Super rare white lion quadruplets prepare to meet the public for the first time

Get ready to say ‘aww’.

These lion cubs are not only adorable but they are extremely rare white lions… who are also quadruplets.

The four cubs – all male – were born last month in Nantong Forest Safari Park in Jiangsu, China, last month.

On December 26, the brothers will be making their public debut and meeting people outside their caretakers for the first time.

The quads are the second set of quadruplet white lions at Nantong Forest Wildlife Park.

Zookeepers and veterinarians gave the tiny creatures a full bath and physical examination after one month.

The cute white lion babies grow up at a speed of about 50 grams per day.

Though you might think the cute quads are albino, they are in fact not. White colouration in lions is similar to blue eyes in humans, which is also due to a recessive gene.

According to the Global White Lion Protection Trust, white lions are not considered as endangered simply because they are not yet appropriately classified.

At the moment, white lions are listed as Panthera leo, which is classified as ‘vulnerable’, meaning they may become threatened with extinction in the future, unless trade is closely controlled.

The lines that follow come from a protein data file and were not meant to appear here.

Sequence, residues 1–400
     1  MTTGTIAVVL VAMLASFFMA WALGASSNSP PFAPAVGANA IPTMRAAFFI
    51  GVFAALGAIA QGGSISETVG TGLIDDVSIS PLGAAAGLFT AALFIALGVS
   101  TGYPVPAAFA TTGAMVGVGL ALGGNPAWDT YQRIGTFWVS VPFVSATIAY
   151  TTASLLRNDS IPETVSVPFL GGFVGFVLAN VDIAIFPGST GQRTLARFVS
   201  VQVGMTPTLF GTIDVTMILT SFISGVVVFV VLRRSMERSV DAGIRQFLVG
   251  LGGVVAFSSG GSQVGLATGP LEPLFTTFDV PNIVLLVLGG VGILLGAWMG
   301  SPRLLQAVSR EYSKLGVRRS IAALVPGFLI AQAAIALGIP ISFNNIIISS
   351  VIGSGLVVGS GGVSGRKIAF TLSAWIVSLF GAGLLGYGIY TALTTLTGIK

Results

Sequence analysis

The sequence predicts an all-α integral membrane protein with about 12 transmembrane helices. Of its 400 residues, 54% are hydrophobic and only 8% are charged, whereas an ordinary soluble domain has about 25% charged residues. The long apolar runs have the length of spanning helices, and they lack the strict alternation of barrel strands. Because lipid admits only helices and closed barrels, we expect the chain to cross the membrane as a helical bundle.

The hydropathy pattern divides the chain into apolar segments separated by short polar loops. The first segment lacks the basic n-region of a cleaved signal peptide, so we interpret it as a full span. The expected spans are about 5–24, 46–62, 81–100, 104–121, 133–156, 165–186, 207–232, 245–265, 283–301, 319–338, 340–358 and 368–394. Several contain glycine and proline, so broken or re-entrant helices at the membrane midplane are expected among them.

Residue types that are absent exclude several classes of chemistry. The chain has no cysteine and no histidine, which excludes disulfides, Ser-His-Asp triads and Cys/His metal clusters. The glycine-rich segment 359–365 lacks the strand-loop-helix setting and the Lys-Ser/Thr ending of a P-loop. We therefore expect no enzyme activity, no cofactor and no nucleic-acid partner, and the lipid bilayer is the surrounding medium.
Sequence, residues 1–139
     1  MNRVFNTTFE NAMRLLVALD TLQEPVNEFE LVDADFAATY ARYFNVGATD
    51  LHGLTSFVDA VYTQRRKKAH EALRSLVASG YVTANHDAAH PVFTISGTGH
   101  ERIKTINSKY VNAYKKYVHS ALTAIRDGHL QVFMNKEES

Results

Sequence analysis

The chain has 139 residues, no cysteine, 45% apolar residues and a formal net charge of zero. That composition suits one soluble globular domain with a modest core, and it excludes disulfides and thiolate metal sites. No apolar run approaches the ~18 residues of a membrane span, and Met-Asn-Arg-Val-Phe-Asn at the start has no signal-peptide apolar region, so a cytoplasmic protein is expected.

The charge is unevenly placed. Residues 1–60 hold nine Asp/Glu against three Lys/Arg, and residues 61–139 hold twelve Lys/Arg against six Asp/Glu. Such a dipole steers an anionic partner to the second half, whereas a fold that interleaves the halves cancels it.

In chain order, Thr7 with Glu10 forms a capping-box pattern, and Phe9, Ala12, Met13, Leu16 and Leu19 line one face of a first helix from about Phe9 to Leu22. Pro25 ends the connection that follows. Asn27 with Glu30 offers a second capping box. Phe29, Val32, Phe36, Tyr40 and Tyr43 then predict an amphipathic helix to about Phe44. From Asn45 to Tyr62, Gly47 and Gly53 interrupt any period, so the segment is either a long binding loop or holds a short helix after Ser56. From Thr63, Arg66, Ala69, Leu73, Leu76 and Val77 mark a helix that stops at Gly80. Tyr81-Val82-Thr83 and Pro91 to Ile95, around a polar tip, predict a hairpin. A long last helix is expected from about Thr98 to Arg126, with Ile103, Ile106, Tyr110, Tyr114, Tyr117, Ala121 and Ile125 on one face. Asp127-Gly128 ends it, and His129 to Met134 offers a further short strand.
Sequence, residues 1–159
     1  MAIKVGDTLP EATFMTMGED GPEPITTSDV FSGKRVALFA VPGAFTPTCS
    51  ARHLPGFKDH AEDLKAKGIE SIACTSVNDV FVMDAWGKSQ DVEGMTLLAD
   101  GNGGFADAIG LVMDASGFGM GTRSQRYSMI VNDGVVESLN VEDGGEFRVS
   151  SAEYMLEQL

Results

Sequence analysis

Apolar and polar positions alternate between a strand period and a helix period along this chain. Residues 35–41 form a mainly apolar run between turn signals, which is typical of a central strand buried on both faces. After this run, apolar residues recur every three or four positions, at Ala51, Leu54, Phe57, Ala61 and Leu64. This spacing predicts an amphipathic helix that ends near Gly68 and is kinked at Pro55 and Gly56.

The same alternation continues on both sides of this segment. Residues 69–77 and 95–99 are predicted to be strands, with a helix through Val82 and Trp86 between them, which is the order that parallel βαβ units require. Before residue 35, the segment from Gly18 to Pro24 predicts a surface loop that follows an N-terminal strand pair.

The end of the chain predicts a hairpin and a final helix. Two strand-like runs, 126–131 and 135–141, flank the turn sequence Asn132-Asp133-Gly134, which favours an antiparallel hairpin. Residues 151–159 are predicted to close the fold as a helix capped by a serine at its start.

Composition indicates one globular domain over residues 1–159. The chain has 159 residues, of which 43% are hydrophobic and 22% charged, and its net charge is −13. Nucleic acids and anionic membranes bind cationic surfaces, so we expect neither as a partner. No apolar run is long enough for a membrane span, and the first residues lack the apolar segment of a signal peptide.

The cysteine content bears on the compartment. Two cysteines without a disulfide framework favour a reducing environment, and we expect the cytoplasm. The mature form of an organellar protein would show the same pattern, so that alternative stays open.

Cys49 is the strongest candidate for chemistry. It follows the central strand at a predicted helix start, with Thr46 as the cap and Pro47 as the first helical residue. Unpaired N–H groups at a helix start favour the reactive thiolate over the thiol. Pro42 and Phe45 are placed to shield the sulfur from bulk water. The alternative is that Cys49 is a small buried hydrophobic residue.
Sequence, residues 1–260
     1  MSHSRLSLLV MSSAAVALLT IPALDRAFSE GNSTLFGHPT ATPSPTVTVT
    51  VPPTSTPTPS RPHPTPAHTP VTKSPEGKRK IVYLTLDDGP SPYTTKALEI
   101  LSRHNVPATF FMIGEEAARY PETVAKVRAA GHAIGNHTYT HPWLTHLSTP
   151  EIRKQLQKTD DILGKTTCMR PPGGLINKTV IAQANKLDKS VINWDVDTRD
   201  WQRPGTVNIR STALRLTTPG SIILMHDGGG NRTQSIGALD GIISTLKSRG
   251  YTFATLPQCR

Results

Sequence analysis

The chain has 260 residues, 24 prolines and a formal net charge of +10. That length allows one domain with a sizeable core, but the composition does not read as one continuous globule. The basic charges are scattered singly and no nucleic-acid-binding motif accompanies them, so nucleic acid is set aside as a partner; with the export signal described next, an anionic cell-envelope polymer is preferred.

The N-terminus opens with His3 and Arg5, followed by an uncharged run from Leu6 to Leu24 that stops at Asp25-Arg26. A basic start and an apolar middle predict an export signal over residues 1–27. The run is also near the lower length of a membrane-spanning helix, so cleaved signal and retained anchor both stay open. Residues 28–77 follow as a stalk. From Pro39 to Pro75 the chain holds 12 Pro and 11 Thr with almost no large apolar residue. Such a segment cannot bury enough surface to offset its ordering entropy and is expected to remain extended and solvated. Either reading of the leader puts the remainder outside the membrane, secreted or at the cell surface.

The Chinese zoo also released photos of the brothers playing around and posing for the cameras.

With white lions being so rare, it’s even more unusual to have four cubs with the same recessive gene.

The yet to be named cubs form part of only 100 living in captivity while there are just 13 white lions in the wild.


Because their species isn’t recognised as endangered, it means that white lions are not protected by law.

This is why the Global White Lions Protection Trust was set up.

They are pushing for laws to protect the animals. Their mission statement reads: ‘The more knowledge we gain, the better chance of changing legislation and having lions protected. White lions need to be reclassified on the Schedule of Threatened & Protected Animals of National Importance.

‘The white lion gene needs to be researched, understood and protected, as a matter of urgency.’

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